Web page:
- COUNTRY OF ORIGIN: United States
- YEAR RECOGNIZED: 1939
- USES: Fur, meat
- WEIGHT: 10.5 pounds (4.8 kg) max., senior does
- BODY TYPE: Commercial
- FUR TYPE: Flyback; ARBA Commercial Normal Fur Standard
- COLORS: White with near-black nose, ears, feet, and tail
The Californian was developed as both a fur- and meat-producing rabbit by George S. West in Lynnwood, California, starting in 1923. West raised New Zealand Whites, a well-known fur-and-meat breed, but he was frustrated by the number of atypical “woolies” that turned up in his litters. Rabbit pelts were marketed primarily at the time for the production of felt in hats; the fur of the woolies was almost useless. West wanted a breed that would more consistently yield fine fur as well as meat.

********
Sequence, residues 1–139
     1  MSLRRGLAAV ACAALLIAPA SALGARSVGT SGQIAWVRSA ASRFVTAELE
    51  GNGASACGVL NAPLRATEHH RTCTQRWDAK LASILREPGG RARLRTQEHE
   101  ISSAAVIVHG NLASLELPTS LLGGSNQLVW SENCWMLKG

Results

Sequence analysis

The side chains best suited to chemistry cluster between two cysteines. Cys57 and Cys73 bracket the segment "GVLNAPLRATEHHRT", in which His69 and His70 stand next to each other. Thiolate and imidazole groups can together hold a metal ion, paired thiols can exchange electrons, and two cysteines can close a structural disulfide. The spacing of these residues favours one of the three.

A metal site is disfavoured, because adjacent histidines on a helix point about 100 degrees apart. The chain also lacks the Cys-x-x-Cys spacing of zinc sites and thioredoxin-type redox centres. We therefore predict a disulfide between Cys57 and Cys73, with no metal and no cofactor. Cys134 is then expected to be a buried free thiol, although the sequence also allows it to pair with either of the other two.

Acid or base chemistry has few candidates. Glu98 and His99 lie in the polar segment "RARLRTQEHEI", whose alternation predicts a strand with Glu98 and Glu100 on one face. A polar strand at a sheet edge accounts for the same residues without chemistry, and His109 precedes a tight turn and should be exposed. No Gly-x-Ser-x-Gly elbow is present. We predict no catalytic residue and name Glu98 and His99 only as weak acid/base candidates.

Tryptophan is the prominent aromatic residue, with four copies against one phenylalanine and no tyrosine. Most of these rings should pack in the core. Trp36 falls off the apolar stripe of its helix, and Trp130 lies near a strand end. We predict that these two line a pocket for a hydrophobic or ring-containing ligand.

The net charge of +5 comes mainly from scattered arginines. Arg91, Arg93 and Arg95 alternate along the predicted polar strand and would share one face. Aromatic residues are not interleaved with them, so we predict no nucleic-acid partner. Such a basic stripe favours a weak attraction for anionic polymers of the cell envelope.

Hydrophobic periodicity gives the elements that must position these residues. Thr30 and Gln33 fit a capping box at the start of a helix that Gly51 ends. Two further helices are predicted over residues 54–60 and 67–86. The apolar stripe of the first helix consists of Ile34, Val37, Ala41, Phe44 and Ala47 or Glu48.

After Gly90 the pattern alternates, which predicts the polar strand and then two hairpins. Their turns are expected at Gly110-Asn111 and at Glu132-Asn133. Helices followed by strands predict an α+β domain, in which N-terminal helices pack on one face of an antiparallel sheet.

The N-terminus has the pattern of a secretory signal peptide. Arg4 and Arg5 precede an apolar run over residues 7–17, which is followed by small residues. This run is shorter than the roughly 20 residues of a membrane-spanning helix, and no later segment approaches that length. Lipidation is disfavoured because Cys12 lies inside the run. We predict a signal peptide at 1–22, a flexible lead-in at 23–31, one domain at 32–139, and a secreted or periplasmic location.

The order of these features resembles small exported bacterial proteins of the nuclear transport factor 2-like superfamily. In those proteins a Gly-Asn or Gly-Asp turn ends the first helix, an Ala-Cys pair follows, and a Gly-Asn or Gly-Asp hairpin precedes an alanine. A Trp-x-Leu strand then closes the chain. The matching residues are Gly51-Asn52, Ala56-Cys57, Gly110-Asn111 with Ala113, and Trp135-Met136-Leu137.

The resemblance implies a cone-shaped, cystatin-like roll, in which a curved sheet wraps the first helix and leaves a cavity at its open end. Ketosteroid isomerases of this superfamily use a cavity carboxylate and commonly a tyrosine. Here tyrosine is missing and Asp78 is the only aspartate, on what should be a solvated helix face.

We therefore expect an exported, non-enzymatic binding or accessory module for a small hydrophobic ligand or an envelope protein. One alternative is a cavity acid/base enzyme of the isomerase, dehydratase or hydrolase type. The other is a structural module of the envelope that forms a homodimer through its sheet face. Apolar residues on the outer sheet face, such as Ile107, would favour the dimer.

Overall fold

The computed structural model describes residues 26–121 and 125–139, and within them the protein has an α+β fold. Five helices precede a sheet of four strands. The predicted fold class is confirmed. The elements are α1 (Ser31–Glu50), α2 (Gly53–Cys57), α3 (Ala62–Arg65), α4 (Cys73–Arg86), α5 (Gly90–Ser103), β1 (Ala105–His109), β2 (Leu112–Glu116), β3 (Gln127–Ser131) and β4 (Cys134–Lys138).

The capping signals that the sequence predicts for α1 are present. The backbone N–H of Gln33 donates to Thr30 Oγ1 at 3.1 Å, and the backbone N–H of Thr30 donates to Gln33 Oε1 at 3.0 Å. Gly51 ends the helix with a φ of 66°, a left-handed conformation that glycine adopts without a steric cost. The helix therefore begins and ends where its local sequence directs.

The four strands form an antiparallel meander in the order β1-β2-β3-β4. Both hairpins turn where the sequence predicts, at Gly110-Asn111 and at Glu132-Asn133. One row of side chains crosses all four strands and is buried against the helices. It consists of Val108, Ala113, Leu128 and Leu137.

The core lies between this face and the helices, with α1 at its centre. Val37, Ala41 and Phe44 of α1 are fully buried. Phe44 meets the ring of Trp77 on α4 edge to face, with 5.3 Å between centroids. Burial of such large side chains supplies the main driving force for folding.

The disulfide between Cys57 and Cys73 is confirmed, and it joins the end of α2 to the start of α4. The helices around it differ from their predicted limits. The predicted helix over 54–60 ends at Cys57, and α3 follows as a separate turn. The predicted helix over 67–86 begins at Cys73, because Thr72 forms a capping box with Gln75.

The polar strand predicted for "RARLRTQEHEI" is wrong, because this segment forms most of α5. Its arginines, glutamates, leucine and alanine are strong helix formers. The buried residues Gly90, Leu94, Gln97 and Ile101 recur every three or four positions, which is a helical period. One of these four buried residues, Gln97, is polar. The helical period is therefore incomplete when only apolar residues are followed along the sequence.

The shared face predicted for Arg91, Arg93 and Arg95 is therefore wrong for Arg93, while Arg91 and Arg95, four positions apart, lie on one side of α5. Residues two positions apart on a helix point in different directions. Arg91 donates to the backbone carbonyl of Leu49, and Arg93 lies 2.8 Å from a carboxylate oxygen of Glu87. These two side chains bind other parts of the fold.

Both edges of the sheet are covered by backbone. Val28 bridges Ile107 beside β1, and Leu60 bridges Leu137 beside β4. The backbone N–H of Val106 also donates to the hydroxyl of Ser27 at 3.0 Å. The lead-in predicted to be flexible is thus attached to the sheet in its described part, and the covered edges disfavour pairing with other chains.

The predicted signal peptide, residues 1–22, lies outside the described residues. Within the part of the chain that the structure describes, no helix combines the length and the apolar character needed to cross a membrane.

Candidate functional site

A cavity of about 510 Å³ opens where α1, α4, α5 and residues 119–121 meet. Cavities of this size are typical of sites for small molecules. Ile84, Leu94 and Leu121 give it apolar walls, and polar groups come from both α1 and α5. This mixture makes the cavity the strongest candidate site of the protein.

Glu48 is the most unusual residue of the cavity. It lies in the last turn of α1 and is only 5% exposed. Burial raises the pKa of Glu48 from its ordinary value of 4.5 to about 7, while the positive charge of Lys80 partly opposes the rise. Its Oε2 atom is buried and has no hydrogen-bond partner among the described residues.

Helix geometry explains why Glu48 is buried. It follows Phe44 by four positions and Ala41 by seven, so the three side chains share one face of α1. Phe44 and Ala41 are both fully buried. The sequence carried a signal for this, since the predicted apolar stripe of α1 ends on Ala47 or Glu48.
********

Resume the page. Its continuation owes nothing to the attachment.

He experimented with Himalayan and Standard Chinchilla Rabbits, later adding New Zealand Whites. With the help of breeders Roy Fisher and Wesley Dixon, the Californian — originally known as the Cochinella — became a popular and distinct new breed.
In the United States, the Californian is a white rabbit with nearly black points (nose, ears, feet, and tail). It has similar markings to the Himalayan Rabbit but is more than twice the size of the 4.5-pound (2 kg) Himalayan. Californians are plump, firm, long-bodied rabbits with erect ears, short legs, and a dense coat. The breed has an unusually high yield of muscle, important to commercial meat producers.
was not concerned about the Californian’s personality, but the breed does make an attractive and good-natured pet.